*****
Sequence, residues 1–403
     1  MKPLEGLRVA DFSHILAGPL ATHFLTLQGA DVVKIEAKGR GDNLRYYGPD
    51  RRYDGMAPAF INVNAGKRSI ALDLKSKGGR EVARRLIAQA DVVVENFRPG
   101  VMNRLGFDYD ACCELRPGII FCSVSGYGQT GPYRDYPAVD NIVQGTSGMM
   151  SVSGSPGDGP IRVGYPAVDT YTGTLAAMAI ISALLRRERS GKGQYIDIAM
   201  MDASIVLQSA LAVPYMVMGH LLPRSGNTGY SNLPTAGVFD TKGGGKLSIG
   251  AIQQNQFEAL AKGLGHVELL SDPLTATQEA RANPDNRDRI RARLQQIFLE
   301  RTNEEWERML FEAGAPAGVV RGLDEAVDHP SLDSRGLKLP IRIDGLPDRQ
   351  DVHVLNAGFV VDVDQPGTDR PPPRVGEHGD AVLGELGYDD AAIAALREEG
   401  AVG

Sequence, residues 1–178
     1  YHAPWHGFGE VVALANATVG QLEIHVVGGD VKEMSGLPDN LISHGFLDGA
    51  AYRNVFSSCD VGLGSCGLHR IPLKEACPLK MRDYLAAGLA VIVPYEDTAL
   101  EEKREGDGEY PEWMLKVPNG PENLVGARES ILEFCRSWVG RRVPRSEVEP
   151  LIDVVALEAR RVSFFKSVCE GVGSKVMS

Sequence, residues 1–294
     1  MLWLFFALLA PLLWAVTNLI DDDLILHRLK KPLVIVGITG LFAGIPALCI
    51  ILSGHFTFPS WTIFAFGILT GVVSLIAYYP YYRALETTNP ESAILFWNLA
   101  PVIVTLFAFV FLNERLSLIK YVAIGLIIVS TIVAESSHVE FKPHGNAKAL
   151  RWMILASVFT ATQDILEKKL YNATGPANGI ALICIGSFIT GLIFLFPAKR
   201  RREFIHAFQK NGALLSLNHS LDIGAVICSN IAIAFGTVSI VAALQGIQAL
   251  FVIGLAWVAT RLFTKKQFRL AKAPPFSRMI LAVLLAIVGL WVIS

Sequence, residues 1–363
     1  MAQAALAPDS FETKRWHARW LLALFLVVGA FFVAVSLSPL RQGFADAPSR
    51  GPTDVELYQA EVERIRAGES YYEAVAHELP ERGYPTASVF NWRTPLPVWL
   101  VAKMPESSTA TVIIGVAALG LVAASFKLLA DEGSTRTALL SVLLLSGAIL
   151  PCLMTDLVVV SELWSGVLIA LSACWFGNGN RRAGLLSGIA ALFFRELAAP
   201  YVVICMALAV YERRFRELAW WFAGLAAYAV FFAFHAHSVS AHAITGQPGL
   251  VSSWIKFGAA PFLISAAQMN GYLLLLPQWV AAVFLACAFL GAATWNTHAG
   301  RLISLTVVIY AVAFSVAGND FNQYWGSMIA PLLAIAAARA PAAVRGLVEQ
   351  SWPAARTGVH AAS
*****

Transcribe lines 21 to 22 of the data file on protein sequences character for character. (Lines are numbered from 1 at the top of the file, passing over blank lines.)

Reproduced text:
   201  RREFIHAFQK NGALLSLNHS LDIGAVICSN IAIAFGTVSI VAALQGIQAL
   251  FVIGLAWVAT RLFTKKQFRL AKAPPFSRMI LAVLLAIVGL WVIS